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IN BRIEF

Fiction

August 15, 1993|CHRIS GOODRICH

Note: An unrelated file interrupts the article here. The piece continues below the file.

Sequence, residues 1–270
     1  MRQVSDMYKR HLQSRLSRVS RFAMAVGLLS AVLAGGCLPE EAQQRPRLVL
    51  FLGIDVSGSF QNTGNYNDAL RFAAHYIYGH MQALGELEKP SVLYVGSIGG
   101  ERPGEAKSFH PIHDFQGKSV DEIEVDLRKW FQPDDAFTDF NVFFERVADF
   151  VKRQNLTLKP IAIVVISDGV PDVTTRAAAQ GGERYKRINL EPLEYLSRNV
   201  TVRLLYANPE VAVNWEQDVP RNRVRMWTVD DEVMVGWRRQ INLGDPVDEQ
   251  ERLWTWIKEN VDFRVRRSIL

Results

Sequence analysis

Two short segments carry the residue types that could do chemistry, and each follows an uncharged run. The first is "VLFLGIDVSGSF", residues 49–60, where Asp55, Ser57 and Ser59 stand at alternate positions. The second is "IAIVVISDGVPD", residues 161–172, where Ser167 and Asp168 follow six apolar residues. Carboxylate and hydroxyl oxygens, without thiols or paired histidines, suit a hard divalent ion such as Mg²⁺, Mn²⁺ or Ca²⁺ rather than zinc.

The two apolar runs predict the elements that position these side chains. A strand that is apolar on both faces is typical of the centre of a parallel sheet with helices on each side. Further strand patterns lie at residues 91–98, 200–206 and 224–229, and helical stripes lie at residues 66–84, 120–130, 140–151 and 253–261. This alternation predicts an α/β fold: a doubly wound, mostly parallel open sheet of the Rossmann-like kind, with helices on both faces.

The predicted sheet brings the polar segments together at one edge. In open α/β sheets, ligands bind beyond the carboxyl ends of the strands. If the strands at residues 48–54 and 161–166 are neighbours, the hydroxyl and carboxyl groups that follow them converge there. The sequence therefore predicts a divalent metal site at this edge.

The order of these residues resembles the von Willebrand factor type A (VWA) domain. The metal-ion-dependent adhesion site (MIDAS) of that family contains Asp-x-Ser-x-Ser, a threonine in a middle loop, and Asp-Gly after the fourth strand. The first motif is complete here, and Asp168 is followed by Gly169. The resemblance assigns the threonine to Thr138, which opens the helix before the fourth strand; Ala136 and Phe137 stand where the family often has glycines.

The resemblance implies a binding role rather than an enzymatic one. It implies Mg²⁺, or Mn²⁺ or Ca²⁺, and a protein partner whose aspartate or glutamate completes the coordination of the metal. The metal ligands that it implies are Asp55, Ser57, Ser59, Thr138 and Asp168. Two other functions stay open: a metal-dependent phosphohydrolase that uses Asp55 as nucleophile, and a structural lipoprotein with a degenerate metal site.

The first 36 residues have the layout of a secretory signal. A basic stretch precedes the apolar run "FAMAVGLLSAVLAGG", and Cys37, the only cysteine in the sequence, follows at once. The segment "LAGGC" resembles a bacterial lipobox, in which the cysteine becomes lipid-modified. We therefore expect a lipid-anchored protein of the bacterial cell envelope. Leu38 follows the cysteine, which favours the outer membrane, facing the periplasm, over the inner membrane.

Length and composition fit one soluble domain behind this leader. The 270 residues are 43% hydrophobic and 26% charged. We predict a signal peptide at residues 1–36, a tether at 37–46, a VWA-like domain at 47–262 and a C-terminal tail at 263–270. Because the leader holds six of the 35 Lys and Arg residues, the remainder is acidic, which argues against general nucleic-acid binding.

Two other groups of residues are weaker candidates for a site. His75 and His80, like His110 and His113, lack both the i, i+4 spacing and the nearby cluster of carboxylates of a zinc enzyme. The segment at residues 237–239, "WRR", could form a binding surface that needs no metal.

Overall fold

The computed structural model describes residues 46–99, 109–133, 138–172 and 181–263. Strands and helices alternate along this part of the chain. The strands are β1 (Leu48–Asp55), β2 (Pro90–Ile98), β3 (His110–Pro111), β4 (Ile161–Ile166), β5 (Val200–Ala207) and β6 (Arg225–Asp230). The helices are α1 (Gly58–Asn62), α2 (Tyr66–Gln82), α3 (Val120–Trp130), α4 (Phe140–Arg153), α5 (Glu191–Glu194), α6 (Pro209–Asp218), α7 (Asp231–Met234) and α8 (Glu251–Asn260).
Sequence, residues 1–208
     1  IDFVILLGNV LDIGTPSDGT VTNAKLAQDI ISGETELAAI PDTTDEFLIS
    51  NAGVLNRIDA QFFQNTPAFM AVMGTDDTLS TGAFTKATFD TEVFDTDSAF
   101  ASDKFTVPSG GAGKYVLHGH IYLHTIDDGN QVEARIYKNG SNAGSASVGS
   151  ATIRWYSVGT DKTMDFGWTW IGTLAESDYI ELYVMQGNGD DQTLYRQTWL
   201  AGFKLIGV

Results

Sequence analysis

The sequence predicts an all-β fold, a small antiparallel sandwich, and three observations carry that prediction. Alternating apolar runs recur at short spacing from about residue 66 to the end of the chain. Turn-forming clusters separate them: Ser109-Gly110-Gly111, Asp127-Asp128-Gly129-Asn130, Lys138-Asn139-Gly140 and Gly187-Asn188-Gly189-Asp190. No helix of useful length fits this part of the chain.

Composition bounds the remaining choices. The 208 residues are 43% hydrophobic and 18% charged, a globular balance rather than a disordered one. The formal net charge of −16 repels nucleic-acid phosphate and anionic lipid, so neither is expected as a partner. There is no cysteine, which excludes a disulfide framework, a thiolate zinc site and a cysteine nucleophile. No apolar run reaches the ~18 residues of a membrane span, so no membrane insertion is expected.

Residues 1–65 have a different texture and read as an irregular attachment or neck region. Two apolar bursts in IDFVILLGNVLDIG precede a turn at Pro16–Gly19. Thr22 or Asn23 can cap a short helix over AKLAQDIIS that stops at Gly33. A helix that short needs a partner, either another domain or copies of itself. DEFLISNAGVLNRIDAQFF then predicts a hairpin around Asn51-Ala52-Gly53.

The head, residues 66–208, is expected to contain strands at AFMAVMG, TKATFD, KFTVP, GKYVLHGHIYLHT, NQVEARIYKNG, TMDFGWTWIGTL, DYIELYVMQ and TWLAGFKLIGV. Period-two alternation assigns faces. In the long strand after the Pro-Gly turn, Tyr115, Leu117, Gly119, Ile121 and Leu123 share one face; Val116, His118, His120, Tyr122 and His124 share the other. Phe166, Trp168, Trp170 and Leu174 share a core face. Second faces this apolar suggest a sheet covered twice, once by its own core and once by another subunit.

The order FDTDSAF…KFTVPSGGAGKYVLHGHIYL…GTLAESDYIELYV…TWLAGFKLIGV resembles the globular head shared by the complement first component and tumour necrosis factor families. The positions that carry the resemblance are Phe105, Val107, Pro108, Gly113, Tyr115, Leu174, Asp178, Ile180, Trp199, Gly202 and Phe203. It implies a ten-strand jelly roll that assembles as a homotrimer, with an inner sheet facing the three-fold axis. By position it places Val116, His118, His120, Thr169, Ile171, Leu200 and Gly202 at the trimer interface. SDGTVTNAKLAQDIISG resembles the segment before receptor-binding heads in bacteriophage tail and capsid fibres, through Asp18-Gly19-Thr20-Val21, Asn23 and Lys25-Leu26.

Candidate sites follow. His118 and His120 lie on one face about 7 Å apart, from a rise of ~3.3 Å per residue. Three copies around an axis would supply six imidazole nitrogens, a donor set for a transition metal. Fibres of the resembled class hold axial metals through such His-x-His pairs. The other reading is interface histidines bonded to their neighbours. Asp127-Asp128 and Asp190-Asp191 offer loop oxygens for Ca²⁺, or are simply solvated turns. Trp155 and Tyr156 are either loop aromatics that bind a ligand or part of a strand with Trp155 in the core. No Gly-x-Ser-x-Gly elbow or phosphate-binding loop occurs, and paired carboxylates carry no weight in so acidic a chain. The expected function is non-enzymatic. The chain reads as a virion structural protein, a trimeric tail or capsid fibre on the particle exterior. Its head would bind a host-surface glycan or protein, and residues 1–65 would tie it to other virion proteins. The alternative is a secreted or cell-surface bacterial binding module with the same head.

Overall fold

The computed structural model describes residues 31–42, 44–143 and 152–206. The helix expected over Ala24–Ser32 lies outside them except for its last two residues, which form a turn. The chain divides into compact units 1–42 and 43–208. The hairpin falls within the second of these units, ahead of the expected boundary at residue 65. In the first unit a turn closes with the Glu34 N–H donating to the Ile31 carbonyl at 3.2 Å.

KIPPER'S GAME: A Novel by Barbara Ehrenreich (Farrar, Straus, Giroux: $22; 310 pp.). Given the plot line, this novel should be a spy thriller. A computer hacker disappears: a university administrator asks a biologist to dig up obscure Nazi research; a mysterious Mexican philanthropist offers to give the university a lot of money, and suddenly the biologist is being followed, threatened and pressed to reveal his findings. A thriller, though, "Kipper's Game" is not, for Barbara Ehrenreich, best known for her political essays, is much more interested in character than plot. And for a time that's enough: the biologist, Alex MacBride, is appealing as a drunken has-been, and so is the missing boy's mother, housewife-turned-lab-assistant Della Markson. Ditto for the bad guys: the president of the university research complex, the deconstructionist guest speaker, the millionaire research "angel," and Della's exploitative husband Leo are all charmingly, convincingly hypocritical. "Kipper's Game" doesn't really go anywhere, however, for although we eventually learn that the hacker has discovered a way to access the mind's "pleasure center," first gruesomely explored in human patients by Nazi scientists, the book meanders on with little tension or direction. The best parts of the novel have to do with the politics of science--Ehrenreich knows all about them, having earned a doctorate in biology from Rockefeller University--and those of relationships, as when Leo attempts to explain his reasons for walking out on Della a few weeks earlier. He says, insincerely, "I just wasn't growing anymore," and she replies, letting him twist, "Well, you must be enormous by now."

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